Outcomes: Of the 401 residents who received the e-mailed survey, 226 (56.3%) completed it. Of these, 97.7% reported spending at least one hour per week engaging in extracurricular education, and 34.5% reported spending two to four hours per week (P less than .001). Time listening to podcasts was the most popular (reported by 35.0% of residents), followed by reading textbooks (33.6%) and searching Google (21.4%; P less than .001). Residents endorsed podcasts as the most beneficial (endorsed by 70.3%) compared with textbooks (endorsed by 54.3%), journals (36.5%), and Google (33.8%; P less than .001). Most respondents reported evaluating the quality of evidence or reviewing references “rarely” or less than half the time. A majority (80.0%) selected the topics they accessed based on recent clinical encounters.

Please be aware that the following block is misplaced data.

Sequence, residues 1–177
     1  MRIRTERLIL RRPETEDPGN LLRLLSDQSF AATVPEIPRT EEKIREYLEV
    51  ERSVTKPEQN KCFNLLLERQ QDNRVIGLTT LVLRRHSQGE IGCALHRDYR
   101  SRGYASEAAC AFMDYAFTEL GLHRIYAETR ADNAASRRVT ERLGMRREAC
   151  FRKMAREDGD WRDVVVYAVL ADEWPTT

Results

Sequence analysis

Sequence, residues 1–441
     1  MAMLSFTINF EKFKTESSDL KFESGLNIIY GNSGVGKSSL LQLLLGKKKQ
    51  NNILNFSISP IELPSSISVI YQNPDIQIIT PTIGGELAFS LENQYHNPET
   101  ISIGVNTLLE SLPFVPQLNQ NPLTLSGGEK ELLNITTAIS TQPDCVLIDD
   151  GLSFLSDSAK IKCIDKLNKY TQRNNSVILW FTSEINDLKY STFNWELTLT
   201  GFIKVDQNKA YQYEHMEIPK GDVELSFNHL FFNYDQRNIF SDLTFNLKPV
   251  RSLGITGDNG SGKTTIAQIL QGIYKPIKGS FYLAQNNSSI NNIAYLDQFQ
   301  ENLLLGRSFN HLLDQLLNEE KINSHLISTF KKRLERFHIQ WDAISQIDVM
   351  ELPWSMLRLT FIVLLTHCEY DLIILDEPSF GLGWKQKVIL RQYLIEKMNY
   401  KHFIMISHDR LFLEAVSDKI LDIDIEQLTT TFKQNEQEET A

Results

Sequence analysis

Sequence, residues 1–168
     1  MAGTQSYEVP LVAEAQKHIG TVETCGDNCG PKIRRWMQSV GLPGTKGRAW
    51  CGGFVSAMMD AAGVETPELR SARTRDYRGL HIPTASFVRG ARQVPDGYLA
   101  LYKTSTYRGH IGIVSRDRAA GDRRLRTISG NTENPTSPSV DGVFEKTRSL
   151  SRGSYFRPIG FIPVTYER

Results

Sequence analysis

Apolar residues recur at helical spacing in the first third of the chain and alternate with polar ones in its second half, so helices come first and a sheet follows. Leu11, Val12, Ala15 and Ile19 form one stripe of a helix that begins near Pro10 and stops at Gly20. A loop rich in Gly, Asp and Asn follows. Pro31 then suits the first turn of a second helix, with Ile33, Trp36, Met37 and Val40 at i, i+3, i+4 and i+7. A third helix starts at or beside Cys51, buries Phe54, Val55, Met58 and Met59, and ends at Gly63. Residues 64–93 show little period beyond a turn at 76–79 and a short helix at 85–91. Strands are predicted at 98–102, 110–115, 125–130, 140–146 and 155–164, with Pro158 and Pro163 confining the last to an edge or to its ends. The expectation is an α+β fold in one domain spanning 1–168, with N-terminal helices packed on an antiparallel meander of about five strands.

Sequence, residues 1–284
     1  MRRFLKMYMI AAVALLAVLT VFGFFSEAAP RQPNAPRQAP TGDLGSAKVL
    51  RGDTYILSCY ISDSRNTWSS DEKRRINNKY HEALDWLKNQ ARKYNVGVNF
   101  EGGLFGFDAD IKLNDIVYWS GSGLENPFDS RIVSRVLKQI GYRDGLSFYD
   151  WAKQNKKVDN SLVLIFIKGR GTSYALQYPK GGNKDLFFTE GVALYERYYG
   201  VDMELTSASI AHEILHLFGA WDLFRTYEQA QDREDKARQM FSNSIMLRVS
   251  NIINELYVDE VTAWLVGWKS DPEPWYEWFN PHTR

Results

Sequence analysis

Next Steps: The results suggest that residents are using more open access interactive multimedia tools. Medical educators must engage with current learners to guide appropriate use of these.
It's interesting how trends in the real world, even the academic real world, differ from the “official” positions on EBM in which these types of resources are discouraged.